Having recently heard from a friend about her struggle to re-enter the workforce after raising her children, I started thinking about some of the managers I've had in the past and how they may have impacted my parenting and work choices.
When my children were very young, I had some shockers. One who told me to wean my six-month-old onto a bottle so I could travel interstate as I was not allowed to bring her along. One who said I would have to be on-site for an event at 4am despite the fact the same six-month-old was still exclusively breastfed.
I once tried to negotiate initially returning from maternity leave at four days instead of five, primarily because paying for five days of daycare for two children would cost more than I would earn working full-time. My boss would not budge. Apparently no one worked part-time in that particular office. Blanket rule; nothing personal.
A week out from starting maternity leave for my second baby, I had been so stressed at work getting everything ready for when I finished up, that one day in the office I started having contractions. I was only 36 weeks along so I went into hospital where I was monitored for signs of uterine rupture as my first baby had been born via a C-section.
I sometimes wonder what the point of it all was. Why did I torture myself racing to get to daycare on time to collect my toddler and baby, spend weeks stopping work halfway through the day to go home and breastfeed my baby, years of being close to tears in the office because I hadn't slept all night with a teething baby and had my crying toddler peeled off me by daycare staff, all for a take-home salary that would make most weep?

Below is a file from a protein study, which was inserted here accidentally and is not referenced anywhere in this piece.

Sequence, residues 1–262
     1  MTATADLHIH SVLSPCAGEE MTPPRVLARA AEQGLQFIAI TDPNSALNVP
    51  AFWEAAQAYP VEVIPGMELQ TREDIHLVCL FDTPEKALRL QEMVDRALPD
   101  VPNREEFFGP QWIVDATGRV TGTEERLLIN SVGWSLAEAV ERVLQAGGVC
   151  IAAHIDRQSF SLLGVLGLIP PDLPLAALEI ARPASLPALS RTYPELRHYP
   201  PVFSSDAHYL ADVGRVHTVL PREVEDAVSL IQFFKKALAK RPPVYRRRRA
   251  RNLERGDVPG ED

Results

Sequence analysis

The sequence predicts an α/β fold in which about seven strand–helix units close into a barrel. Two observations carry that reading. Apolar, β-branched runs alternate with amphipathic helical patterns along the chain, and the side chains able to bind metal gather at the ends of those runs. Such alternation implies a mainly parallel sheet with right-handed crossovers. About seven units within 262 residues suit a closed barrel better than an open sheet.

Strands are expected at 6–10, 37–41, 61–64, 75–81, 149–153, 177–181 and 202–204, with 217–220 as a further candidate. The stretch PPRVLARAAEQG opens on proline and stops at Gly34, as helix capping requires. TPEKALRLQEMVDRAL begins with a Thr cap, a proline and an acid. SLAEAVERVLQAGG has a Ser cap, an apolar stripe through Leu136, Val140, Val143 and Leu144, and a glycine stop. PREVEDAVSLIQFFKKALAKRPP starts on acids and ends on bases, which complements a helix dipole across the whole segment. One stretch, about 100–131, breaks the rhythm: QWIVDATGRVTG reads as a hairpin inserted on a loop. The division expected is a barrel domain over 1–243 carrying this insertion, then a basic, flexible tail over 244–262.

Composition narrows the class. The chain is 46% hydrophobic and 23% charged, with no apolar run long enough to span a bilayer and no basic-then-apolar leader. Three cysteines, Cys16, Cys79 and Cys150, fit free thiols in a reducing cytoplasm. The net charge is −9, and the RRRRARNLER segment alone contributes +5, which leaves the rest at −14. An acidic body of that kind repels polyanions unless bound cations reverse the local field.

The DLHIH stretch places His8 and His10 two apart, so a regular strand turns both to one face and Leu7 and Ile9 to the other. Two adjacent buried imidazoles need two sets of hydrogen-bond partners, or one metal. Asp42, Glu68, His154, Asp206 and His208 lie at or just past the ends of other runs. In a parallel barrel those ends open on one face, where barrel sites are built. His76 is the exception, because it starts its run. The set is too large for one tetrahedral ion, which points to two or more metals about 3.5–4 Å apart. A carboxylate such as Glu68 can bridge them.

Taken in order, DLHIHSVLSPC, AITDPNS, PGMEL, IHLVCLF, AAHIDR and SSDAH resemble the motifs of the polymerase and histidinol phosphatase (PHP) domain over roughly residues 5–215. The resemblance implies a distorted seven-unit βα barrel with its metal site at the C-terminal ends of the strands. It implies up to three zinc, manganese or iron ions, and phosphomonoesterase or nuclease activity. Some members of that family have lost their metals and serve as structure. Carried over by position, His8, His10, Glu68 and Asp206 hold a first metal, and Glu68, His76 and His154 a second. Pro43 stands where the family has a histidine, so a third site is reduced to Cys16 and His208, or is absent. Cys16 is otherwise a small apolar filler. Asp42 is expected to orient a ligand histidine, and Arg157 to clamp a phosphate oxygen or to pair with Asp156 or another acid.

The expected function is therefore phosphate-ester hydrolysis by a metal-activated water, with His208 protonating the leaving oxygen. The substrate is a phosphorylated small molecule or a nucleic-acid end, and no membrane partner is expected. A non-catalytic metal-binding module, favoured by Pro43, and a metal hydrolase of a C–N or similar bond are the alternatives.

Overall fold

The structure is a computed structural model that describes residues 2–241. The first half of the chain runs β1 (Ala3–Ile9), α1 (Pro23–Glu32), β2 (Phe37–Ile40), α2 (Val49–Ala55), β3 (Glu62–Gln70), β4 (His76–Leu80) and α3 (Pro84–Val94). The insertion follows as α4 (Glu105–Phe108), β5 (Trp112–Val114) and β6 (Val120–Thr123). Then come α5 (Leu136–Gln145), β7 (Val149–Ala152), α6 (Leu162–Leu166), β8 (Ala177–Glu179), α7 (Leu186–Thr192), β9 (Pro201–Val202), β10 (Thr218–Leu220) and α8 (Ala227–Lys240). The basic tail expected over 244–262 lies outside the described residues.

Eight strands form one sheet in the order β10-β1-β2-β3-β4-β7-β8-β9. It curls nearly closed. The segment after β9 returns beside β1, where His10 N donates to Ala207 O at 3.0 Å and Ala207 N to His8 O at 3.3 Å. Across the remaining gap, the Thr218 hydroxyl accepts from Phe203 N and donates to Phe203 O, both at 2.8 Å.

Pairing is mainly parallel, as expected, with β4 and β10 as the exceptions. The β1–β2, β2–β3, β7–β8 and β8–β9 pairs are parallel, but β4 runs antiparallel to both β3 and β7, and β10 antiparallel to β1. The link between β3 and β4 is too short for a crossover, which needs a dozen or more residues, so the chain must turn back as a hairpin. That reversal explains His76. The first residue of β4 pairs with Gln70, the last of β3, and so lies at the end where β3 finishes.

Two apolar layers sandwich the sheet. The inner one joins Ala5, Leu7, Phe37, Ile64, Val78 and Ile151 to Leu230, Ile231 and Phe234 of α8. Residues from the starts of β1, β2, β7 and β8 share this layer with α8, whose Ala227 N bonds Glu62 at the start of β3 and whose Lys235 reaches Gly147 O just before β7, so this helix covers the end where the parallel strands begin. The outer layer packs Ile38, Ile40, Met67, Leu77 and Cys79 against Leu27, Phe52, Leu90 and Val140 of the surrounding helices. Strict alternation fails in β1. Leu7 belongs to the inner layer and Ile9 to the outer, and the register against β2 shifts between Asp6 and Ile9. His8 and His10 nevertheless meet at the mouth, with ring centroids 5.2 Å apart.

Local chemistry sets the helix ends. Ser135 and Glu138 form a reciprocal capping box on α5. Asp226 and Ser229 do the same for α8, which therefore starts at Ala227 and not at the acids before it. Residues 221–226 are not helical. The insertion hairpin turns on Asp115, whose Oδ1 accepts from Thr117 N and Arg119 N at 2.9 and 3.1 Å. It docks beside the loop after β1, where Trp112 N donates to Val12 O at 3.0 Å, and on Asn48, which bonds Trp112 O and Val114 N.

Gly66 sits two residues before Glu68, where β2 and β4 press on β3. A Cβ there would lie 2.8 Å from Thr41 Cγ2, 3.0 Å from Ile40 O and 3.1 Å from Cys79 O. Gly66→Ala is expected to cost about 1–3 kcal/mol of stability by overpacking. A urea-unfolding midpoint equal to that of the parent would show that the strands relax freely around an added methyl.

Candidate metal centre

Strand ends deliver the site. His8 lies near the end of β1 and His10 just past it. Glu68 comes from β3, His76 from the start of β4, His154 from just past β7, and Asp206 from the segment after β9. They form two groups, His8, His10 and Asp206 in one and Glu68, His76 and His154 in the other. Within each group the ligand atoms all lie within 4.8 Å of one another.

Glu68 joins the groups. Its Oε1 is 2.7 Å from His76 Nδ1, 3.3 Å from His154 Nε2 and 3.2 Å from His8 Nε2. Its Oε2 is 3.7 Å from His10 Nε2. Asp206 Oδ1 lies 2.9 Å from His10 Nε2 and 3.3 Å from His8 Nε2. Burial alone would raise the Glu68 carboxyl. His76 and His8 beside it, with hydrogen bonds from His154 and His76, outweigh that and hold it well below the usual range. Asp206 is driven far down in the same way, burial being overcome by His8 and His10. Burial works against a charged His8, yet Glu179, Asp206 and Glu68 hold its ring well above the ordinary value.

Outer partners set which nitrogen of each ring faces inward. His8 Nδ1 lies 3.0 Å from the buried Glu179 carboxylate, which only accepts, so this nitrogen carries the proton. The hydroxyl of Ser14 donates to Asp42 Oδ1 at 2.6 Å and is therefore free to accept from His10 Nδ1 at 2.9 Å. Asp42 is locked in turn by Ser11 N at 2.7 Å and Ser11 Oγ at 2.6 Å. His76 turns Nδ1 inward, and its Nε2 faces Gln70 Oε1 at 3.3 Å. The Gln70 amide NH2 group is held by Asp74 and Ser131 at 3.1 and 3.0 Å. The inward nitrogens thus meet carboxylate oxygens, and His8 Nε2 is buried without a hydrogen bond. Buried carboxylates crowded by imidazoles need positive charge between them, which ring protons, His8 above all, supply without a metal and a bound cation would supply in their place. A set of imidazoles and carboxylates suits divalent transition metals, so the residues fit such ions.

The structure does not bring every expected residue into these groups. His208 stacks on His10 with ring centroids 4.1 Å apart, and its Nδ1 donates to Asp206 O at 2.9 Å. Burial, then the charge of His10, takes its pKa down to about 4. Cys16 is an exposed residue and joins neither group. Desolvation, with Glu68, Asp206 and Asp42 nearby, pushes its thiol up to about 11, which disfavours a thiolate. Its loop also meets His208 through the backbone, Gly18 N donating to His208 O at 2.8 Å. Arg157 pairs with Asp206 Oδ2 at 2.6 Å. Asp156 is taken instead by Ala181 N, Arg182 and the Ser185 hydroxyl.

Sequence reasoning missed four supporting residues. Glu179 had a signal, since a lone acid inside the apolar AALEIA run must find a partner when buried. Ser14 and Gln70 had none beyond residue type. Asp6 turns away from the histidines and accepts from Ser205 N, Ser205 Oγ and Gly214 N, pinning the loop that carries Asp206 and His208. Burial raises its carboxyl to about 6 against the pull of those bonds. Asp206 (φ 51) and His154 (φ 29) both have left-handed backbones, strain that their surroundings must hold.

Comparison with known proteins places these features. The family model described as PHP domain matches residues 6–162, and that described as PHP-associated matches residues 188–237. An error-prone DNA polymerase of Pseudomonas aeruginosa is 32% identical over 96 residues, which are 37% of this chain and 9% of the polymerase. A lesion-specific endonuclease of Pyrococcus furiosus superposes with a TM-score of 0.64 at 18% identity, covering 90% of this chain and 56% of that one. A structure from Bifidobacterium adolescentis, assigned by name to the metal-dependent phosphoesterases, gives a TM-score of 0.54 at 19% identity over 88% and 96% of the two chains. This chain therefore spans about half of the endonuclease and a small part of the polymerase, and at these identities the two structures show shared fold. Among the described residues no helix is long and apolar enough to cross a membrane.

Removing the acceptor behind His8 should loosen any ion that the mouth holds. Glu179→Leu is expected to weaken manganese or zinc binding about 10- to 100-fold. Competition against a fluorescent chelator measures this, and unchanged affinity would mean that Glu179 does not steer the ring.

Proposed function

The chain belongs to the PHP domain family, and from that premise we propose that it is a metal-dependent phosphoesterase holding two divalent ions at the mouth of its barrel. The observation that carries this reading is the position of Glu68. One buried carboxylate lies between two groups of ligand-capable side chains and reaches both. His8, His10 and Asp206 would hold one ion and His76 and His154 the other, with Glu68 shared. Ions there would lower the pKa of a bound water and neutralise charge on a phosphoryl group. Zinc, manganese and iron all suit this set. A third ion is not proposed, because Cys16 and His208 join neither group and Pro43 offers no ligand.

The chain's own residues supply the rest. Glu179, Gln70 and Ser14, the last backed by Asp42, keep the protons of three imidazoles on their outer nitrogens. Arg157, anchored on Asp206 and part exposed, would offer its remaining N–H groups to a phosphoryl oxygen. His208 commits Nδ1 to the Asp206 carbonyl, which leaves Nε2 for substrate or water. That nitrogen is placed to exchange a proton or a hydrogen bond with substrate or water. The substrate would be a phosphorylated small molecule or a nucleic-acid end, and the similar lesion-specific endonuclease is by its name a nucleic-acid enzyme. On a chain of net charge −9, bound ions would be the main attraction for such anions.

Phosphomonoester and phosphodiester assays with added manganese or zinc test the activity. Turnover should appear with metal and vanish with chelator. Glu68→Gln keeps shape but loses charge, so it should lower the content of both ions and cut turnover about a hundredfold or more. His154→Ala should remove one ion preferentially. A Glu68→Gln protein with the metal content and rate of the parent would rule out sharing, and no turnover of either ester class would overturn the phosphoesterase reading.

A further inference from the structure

MORE CHRISTY KIDNER:
Thankfully, many smart businesses are realising that offering flexible and family-friendly work hours is actually beneficial for everyone. Happy staff will perform better and I can tell you from experience that no one works harder than a parent who has school pick-up as a deadline.
I also have to accept the fact that for years I put my career on the backburner because I chose to be home with my children as much as possible. I have no regrets about this but it has meant rather than climbing the ladder and getting to a higher level, and therefore more money and responsibility, I have instead hopped from job to job seeking flexible hours. I did this intentionally and knew it would be how I raised my children. I do wonder now whether it was the right choice.
If I was to give my own daughters any advice, it would be to establish your career before you have children. Climb the ladder, move up the ranks, get several years of experience behind you so you have more opportunity to take time off for your children without it impacting your future career prospects.
- Christy Kidner is a trained newborn care specialist and mother of two. Visit Christy's blog at www.motheringme.com.au.